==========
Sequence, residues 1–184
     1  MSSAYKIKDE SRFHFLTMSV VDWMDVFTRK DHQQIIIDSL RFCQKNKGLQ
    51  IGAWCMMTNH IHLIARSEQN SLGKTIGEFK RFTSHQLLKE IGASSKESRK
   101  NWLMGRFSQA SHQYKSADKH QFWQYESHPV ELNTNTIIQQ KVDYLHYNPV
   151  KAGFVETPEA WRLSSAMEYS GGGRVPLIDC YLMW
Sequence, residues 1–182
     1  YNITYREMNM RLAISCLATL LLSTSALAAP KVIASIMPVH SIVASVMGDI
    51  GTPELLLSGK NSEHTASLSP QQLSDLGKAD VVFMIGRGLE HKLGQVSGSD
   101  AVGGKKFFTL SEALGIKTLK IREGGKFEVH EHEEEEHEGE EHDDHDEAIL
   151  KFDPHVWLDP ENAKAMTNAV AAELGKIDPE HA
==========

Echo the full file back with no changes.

Sequence, residues 1–184
     1  MSSAYKIKDE SRFHFLTMSV VDWMDVFTRK DHQQIIIDSL RFCQKNKGLQ
    51  IGAWCMMTNH IHLIARSEQN SLGKTIGEFK RFTSHQLLKE IGASSKESRK
   101  NWLMGRFSQA SHQYKSADKH QFWQYESHPV ELNTNTIIQQ KVDYLHYNPV
   151  KAGFVETPEA WRLSSAMEYS GGGRVPLIDC YLMW
Sequence, residues 1–182
     1  YNITYREMNM RLAISCLATL LLSTSALAAP KVIASIMPVH SIVASVMGDI
    51  GTPELLLSGK NSEHTASLSP QQLSDLGKAD VVFMIGRGLE HKLGQVSGSD
   101  AVGGKKFFTL SEALGIKTLK IREGGKFEVH EHEEEEHEGE EHDDHDEAIL
   151  KFDPHVWLDP ENAKAMTNAV AAELGKIDPE HA